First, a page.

Half of all plant and animal life ‘could be wiped out’

Half of all plant and animal life ‘could be wiped out’

Nature-rich areas such as the Amazon rainforest face losing half of all plant and animal species if greenhouse gas levels go unchecked, wildlife experts have warned.

Turtles, elephants, tigers, snow leopards, giant pandas and polar bears will be among the much-loved animals hardest hit.

Even if goals to limit global warming to no more than 2C, a quarter of species could still vanish from the most important natural areas on Earth, a scientific study found.

Nature-rich areas such as the Amazon rainforest face losing half of all plant and animal species if greenhouse gas levels go unchecked, wildlife experts have warned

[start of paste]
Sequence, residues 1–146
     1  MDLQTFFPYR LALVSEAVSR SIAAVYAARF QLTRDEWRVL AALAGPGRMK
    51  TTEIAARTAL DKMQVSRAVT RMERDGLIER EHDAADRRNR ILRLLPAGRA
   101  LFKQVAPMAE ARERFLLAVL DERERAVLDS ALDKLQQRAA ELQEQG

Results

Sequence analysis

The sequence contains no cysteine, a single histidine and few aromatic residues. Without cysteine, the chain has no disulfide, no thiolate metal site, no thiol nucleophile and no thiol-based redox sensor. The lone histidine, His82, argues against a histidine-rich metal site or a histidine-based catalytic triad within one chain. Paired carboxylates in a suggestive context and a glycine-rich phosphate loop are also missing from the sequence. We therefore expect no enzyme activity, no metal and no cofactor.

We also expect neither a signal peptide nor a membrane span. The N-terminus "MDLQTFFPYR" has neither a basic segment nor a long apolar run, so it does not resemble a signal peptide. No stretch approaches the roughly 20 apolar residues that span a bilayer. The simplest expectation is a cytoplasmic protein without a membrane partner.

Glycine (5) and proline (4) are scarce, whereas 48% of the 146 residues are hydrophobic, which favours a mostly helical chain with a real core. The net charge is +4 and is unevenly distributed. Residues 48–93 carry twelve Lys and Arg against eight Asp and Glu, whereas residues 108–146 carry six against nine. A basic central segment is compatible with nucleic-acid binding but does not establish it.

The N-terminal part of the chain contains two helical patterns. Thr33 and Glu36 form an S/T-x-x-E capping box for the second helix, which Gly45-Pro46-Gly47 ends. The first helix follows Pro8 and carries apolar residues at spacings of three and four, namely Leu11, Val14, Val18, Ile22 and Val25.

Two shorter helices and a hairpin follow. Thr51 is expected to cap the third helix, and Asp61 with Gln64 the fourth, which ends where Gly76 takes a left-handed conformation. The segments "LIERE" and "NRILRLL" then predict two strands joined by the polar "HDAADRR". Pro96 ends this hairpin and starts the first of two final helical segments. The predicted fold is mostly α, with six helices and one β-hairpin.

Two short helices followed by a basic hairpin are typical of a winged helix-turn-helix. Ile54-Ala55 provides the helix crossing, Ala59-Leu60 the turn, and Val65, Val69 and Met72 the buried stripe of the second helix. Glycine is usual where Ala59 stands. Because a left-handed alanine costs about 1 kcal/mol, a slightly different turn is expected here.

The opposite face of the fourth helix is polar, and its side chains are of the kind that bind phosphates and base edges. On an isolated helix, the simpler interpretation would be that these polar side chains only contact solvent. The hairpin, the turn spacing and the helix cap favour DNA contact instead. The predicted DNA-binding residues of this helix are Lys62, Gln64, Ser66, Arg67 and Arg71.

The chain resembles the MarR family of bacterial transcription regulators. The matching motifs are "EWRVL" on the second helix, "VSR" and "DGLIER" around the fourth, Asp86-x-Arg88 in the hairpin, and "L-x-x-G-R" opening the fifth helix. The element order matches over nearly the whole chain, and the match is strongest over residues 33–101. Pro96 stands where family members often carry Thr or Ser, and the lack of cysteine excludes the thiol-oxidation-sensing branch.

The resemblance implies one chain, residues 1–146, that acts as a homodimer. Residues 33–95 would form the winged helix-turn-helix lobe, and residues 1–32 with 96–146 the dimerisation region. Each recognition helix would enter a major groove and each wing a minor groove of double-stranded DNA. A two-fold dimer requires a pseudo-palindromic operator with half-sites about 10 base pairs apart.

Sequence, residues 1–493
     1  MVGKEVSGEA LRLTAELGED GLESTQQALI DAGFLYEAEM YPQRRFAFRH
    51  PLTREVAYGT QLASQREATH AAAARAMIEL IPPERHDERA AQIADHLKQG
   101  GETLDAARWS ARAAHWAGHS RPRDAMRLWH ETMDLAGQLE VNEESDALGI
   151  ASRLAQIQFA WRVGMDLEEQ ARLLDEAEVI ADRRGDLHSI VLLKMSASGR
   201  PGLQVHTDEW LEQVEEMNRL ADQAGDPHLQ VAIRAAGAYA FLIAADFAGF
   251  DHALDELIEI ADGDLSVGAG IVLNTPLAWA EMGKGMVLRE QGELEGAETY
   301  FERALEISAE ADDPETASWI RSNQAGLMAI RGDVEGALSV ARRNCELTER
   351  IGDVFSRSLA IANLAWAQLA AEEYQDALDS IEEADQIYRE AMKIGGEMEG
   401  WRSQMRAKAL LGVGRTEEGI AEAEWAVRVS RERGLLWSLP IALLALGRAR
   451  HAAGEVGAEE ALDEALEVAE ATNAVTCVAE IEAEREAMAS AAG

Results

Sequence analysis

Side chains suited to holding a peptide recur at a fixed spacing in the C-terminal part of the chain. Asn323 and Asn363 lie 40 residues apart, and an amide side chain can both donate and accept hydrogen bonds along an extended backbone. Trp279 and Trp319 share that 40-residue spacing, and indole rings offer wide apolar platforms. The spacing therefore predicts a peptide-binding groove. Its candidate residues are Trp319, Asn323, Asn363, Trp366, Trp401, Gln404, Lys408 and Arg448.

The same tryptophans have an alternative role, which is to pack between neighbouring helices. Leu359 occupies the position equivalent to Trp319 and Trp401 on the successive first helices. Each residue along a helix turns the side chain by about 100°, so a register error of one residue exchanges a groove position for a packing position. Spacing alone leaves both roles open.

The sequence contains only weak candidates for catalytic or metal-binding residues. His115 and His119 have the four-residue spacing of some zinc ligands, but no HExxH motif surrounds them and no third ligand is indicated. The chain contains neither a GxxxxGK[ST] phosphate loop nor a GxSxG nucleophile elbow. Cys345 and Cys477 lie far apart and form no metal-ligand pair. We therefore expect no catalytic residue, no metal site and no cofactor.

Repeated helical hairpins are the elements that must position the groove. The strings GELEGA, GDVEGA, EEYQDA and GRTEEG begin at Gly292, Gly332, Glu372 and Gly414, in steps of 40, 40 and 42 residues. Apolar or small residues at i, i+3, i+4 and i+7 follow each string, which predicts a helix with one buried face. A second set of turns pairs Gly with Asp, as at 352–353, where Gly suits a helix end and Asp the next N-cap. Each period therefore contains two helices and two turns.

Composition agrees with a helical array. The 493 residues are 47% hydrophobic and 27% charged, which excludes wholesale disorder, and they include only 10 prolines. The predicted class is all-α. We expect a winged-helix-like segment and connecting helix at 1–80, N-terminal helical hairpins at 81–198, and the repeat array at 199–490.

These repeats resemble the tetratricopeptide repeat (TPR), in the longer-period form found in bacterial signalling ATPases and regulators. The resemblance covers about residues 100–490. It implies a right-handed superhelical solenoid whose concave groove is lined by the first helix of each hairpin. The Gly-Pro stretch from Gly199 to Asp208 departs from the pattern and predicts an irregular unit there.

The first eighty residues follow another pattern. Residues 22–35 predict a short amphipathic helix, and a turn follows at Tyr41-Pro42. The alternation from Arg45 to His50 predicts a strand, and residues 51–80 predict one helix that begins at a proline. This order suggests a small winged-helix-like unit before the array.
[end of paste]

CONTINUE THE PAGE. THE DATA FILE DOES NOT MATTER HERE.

The study reveals the impact of climate change on plants, mammals, reptiles, birds and amphibians in irreplaceable and wildlife-rich places, from the Amazon to the Yangtze in China and the Galapagos.

Researchers looked at the impact of temperature rises and rainfall changes under different climate scenarios, from a failure to curb emissions to tough action to limit rises to 2C, on almost 80,000 species in 35 natural areas.

The Amazon, the Miombo Woodlands in southern Africa and south-west Australia are some of the most affected areas, research by the University of East Anglia, James Cook University in Australia and wildlife charity WWF found.

Species including giant pandas, snow leopards and polar bears could see their territory and food supplies reduced.

Turtles, elephants, tigers, snow leopards, giant pandas and polar bears will be among the much-loved animals hardest hit

A failure to cut the carbon emissions linked to climate change, leading to a 4.5C rise above pre-industrial levels by 2100,

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